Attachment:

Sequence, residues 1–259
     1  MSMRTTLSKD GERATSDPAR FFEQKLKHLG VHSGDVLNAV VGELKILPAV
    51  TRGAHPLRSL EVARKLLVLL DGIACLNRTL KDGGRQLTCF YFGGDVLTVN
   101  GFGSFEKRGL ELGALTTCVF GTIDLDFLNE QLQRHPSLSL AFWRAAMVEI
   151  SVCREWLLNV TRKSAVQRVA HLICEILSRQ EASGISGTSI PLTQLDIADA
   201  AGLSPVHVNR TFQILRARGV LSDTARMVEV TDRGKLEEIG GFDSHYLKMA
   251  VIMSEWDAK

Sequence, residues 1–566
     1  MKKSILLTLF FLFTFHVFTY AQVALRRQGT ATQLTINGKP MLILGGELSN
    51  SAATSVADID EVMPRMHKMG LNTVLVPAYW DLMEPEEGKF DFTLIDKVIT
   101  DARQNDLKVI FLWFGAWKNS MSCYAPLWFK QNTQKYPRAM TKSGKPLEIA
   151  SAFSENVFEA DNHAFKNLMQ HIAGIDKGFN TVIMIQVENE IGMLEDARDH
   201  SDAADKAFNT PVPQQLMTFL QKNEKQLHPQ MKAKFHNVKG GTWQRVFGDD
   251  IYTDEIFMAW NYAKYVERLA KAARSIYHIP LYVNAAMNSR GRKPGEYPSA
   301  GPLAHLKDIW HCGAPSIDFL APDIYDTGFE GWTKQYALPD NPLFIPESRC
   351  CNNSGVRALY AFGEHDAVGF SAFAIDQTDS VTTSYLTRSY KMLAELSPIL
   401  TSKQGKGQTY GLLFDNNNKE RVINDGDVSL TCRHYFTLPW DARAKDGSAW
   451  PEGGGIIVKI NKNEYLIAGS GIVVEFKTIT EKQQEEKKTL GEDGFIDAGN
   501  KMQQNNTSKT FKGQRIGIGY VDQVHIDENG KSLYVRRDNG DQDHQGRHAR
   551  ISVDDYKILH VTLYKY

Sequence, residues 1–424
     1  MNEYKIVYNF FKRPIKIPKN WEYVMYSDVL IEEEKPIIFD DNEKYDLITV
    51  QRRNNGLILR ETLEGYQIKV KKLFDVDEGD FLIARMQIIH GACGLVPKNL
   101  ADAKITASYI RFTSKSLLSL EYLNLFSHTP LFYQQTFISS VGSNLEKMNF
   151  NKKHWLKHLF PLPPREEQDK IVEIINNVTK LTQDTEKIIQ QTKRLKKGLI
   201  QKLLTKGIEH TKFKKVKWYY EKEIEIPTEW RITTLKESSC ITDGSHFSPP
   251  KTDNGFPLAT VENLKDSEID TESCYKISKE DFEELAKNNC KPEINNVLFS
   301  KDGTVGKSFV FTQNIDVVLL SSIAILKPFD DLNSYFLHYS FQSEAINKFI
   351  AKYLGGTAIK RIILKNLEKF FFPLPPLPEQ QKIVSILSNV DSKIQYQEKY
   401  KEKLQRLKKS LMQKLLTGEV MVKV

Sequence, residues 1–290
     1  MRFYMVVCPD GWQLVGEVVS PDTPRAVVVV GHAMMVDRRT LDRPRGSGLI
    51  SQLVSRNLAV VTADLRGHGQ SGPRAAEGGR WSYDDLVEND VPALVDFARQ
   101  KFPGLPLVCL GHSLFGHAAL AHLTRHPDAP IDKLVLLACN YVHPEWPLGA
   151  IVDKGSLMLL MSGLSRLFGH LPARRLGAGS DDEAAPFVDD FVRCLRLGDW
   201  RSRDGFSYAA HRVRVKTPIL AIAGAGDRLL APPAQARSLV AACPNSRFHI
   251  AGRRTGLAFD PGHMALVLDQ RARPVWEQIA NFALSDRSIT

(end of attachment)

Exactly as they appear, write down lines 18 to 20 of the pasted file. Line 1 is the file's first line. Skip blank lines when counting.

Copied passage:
   451  PEGGGIIVKI NKNEYLIAGS GIVVEFKTIT EKQQEEKKTL GEDGFIDAGN
   501  KMQQNNTSKT FKGQRIGIGY VDQVHIDENG KSLYVRRDNG DQDHQGRHAR
   551  ISVDDYKILH VTLYKY